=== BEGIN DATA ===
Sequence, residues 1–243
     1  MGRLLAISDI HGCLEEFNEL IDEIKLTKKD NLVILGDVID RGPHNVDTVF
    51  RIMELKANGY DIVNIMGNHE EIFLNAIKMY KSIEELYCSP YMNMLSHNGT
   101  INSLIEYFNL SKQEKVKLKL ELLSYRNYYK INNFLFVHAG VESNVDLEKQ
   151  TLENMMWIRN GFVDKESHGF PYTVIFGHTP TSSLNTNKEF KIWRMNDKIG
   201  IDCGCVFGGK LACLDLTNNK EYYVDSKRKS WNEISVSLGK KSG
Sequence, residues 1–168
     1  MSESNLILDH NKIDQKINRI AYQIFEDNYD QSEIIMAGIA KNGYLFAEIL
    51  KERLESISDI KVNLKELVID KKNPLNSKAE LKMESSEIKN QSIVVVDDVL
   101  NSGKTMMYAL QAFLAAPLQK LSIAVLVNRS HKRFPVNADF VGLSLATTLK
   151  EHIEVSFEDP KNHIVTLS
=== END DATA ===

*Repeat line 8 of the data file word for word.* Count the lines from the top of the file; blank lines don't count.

     1  MSESNLILDH NKIDQKINRI AYQIFEDNYD QSEIIMAGIA KNGYLFAEIL